Canadian dairy consumption is growing slowly, but price pressures are challenging producers, says a Farm Credit Canada sector report.
FCC chief economist J.P. Gervais said the surplus of non-fat milk solids in the supply chain is the biggest issue facing producers.
The problem prompted Dairy Farmers of Ontario to launch a new Class 6 category as of April 1. Manitoba plans to follow suit in August, and talks continue for a national strategy to tackle the problem.
The new class would increase the competitiveness of skim solids, which are used to make cheese and other products, and help resist cheaper imports.
Gervais said the growing demand for butterfat has created a surplus of non-fat milk solids, such as skim powder, which are typically sold for livestock feed.
That has resulted in an increase of cheaper imports for processing. As of January 2016, these imports were 10.4 times higher than they were in 2011.
The Class 6 ingredients’ prices are based on the world price for milk, which makes them more competitive with imports.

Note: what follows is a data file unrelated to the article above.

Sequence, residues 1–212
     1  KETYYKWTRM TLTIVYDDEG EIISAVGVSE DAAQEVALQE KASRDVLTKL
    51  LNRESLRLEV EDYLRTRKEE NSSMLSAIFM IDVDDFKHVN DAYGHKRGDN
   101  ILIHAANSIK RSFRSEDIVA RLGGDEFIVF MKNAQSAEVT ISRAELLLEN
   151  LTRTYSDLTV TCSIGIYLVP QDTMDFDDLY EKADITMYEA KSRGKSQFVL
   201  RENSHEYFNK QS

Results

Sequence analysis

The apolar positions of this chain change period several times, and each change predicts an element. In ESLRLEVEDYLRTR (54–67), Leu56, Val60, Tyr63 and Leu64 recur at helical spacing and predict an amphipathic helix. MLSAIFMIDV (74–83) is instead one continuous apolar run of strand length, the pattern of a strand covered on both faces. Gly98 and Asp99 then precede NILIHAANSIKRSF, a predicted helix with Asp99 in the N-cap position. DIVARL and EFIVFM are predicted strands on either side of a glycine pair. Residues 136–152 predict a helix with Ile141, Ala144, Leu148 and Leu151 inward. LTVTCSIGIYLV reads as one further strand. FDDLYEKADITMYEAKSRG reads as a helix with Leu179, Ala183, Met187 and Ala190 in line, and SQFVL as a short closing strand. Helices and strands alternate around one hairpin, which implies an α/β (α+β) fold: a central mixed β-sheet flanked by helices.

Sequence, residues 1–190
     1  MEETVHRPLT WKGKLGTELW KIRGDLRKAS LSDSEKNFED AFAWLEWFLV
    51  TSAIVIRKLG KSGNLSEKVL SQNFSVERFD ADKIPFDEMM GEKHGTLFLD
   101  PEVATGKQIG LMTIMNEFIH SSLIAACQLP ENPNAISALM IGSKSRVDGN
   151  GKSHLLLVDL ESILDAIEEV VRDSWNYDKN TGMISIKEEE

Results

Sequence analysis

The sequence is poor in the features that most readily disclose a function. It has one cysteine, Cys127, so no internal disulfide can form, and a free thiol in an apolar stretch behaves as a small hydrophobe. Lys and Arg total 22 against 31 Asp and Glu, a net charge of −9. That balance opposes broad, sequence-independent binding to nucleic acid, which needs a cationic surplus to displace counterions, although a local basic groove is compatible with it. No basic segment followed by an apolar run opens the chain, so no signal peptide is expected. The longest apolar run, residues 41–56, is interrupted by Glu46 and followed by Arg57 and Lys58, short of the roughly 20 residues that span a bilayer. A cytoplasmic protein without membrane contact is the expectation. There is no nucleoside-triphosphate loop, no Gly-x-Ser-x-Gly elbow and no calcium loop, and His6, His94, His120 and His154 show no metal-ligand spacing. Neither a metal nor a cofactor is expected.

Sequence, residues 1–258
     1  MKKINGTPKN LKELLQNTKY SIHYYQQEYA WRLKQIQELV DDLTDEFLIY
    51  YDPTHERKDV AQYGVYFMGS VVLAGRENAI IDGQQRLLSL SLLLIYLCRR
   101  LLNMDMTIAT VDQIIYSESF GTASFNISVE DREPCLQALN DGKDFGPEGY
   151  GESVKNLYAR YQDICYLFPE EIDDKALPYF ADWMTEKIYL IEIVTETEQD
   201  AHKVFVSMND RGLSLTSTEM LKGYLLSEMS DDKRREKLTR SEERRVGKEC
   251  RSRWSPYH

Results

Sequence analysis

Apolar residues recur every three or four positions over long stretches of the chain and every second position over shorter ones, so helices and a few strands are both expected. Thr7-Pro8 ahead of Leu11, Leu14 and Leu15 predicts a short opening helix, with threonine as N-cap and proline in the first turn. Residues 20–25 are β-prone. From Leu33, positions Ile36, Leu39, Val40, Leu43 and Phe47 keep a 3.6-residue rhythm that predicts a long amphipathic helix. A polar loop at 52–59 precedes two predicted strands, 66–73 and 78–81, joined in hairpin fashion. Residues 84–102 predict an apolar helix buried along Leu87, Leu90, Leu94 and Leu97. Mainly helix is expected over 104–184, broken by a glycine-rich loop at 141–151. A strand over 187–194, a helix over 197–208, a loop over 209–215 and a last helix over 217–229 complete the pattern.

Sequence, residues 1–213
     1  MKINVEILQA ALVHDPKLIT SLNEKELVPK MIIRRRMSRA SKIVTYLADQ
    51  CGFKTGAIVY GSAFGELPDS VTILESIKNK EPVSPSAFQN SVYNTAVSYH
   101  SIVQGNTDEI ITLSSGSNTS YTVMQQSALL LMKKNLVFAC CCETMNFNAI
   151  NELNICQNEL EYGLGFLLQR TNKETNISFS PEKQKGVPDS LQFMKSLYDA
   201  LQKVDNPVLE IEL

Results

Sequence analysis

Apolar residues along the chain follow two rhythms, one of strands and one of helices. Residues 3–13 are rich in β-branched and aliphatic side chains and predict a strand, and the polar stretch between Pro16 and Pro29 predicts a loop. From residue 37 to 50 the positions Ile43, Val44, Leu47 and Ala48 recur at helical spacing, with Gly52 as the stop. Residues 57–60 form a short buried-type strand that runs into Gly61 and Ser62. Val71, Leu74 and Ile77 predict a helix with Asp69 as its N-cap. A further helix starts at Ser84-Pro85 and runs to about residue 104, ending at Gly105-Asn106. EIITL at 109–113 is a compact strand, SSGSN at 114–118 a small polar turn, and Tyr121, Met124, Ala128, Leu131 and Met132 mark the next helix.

Gervais said milk revenues aren’t as stable as many outside the supply-management system think.
“As much as 20 percent of the price they get is a function of world market conditions,” he said.
“It’s not 100 percent, like a grain farmer, for example, but right now the price of dairy products in the world market is kind of weak.”
World prices began dropping in 2014 as demand in emerging markets began to slow, and the Organization of Economic Co-operation and Development expects prices to pick up only slightly this year.
Milk revenues in the Western Pool, which includes the four western provinces, have been better than in the P5 Pool of Ontario, Quebec, Nova Scotia, New Brunswick and Prince Edward Island. Still, profitability will be tight, the FCC said.
Much attention has been paid to how trade agreements will affect dairy producers. Gervais said the Comprehensive Economic and Trade Agreement with the European Union and the Trans-Pacific Partnership will affect producers because they allow unrestricted entry of milk proteins into Canada.
However, he said the domestic imbalance between butterfat and non-fat milk solids is a bigger immediate concern.
The industry is doing the right thing by trying to solve that, he added.
“In the meantime, what matters to producers is that they are getting a price that is lower than what they are used to and in some cases lower than the cost of production,” Gervais said.
Producers should be looking at costs and efficiencies throughout their operations.
“They really have to look at management, just like any other sector,” he said.
The FCC report said the most efficient dairy producers earn $1 for every 55 cents spent on operating costs.
Gervais said both small and large producers have room to be more efficient, which could include the use of new technology or expansion.